- David M. Hale, ESPN Staff Writer
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TALLAHASSEE, Fla. -- A year ago, it was simply a matter of survival for Florida State's offense.
Bruised and battered freshmen littered the skill positions. The offensive line was in shambles. Several players might have benefitted from surgery, but against Florida, it was all hands on deck.
"We were able to get through that game, but we were so battered up front it was ridiculous," Noles coach Jimbo Fisher said.
The valiant effort produced a win, but for Florida State's offense, it was as ugly as a win can get. The Seminoles mustered just seven first downs, didn't crack 100 yards of total offense, and EJ Manuel simply did his best to dodge the Florida pass rush.
Looking back, it was something of a lopsided effort, and Manuel aims to balance the scales this time around.
"Our defense played lights out, but I felt like we didn't do our part on offense," Manuel said. "This year, we have to do our part in helping those guys out."
There's ample cause for optimism. Florida State's offense ranks seventh in the nation in scoring, averaging 43 points per game. But Florida's defense has improved, too, and the Gators present a challenge unlike anything FSU has seen this season.
Florida enters the game third in the country in scoring defense, allowing fewer than 12 points per game. The Gators are sixth against the run and fourth in total defense, allowing just 281 yards per game -- nearly 50 fewer than any other team FSU has faced this season.
"That's a great team," tailback Devonta Freeman said. "They're going be big. They're going to be physical. They're going to be chirping. It's going to be hard to play against them."
The Seminoles have already heard some of the chirping -- and not just from their rivals at Florida. It's the Gators' defense that's generating all the pregame buzz, and the FSU offense is left to answer questions that seem far more appropriate for the battered group that stumbled away with a hard-fought win a year ago than the high-flying unit that has averaged 50 points per game at home in 2012.
It's not that Florida State isn't expecting a tough matchup against the Gators' vaunted defense. It's just that it's expecting more from its own offense.
"We've reviewed the film of what happened last year, but we can't expect it to be the same as last year," said receiver Rashad Greene, who said he played the 2011 game still hobbled from a midseason injury. "We've gotten better, they've gotten better. It's going to be a good, physical game."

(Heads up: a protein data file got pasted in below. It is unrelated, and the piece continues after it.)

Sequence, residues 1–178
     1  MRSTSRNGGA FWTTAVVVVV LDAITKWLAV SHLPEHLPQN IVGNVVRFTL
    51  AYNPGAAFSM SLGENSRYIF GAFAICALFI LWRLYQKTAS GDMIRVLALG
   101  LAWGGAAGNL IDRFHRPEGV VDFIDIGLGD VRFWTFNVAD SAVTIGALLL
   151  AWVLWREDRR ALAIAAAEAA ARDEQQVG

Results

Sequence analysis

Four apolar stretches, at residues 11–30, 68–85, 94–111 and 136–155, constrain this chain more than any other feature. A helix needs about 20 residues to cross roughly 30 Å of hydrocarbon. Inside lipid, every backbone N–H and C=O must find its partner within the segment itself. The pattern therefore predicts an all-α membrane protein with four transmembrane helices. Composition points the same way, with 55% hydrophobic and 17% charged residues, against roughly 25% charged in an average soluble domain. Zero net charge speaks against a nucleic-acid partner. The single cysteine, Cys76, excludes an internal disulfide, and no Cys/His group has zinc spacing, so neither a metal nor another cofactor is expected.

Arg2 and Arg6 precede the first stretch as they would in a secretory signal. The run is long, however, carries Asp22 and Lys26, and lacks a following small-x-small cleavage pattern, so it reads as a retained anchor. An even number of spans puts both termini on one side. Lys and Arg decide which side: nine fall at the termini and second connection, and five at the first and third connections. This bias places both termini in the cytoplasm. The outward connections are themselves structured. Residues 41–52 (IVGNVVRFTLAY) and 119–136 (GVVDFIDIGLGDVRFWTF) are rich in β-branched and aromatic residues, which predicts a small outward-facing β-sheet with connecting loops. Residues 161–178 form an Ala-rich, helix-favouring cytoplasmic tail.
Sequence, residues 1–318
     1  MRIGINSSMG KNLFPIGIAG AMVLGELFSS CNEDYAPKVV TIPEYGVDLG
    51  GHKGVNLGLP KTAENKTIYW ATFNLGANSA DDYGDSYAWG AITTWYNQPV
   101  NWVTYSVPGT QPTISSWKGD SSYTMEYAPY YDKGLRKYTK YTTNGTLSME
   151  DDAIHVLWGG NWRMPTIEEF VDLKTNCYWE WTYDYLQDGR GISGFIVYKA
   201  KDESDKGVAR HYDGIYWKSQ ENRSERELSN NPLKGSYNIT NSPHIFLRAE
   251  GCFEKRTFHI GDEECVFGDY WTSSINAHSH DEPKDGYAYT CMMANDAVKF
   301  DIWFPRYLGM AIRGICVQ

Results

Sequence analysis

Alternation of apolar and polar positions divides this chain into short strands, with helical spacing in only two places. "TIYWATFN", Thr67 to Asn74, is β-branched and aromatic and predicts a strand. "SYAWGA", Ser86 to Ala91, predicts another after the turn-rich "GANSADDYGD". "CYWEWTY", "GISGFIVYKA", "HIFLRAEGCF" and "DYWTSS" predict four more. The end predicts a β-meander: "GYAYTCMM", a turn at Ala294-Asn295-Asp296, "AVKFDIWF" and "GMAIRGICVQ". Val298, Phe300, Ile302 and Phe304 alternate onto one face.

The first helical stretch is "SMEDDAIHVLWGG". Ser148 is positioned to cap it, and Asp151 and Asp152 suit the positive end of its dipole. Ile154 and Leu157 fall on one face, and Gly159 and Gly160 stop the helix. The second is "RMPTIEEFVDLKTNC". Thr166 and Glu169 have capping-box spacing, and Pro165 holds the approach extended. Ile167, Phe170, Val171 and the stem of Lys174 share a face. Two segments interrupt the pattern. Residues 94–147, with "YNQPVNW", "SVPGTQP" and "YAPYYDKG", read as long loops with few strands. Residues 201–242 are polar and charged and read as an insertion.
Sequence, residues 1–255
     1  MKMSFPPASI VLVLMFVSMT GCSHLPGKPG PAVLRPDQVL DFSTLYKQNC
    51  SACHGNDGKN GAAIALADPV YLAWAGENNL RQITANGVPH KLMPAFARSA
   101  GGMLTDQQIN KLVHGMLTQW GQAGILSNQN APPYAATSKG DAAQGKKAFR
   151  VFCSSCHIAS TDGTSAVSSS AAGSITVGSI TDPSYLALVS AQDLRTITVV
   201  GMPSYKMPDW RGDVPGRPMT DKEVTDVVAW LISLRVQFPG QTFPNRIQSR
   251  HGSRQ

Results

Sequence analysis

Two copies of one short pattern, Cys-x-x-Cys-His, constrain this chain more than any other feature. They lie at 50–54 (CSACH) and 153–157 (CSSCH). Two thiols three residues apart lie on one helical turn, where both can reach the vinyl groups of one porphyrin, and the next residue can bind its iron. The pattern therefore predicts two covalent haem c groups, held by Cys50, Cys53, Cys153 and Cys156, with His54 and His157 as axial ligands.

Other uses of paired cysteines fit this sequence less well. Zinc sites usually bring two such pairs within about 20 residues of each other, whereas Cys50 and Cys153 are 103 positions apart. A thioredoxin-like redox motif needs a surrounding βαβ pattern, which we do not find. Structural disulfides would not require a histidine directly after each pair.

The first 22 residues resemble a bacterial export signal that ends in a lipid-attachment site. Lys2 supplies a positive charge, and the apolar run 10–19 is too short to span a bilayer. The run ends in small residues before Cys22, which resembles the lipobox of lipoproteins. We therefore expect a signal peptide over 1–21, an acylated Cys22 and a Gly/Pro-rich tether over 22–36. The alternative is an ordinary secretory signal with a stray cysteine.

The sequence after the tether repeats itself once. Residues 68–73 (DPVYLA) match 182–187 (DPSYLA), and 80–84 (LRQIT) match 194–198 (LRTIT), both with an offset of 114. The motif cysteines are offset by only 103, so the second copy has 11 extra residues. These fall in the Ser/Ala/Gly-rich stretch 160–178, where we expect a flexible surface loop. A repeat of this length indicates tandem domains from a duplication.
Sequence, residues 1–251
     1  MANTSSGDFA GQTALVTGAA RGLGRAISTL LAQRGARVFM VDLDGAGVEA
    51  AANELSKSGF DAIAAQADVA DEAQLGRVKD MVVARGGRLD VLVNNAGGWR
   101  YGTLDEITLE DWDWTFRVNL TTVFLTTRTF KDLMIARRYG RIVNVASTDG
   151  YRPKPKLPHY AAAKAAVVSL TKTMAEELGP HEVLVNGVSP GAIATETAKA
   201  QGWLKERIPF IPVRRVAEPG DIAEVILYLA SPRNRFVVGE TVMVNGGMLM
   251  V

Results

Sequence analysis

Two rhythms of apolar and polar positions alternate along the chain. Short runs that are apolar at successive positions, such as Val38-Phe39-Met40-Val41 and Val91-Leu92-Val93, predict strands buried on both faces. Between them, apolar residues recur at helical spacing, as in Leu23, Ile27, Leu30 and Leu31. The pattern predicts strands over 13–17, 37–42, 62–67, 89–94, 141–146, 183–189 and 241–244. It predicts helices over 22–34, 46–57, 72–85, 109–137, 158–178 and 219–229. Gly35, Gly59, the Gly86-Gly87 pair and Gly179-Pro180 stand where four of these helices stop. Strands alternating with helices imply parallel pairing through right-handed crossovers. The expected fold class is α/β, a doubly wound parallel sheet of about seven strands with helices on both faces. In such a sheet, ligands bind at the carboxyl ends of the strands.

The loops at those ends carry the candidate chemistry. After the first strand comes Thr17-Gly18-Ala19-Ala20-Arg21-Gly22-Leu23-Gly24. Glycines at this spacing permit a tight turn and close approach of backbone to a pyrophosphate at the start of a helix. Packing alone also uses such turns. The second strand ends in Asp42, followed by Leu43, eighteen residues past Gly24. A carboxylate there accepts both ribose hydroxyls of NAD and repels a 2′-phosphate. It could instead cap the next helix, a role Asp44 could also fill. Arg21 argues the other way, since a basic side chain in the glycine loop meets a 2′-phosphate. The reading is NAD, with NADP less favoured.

Unlike last season, Florida State is prepared for that physicality this time around, too.
The 2011 game was a template for all that had served to undermine FSU's offensive game plan. The line was in tatters, a mix of hobbled veterans and overwhelmed youngsters.
Last season's Gators sacked Manuel four times, and he didn't complete a pass longer than 14 yards. The ground game mustered nothing, with an injured Freeman averaging just 2.9 yards per carry, but cashing in on two short touchdown runs to provide the entirety of the offense.
"We just couldn't block them," Fisher said. "You could draw up anything you want, and we couldn't block them."
Things are different now. Of the five men who started on FSU's offensive line last year, only center Bryan Stork remains in this year's starting lineup, and the improvement has been remarkable. The Seminoles are on pace to double their rushing total from last season, Manuel's sack total has been cut in half, and the offense has blossomed.
"Those guys being healthy this whole season and playing with each other, they've kind of jelled together," receiver Rodney Smith said. "We don't have a problem in that area, and it's going to show."
That's a level of swagger Florida State couldn't muster a year ago, but for the Seminoles, that game is ancient history.
It's not that they don't appreciate the task at hand, though. It's simply that they're so much better prepared now to endure the challenge.
"It ain't close," Fisher said. "We're two different football teams from where we were a year ago offensively."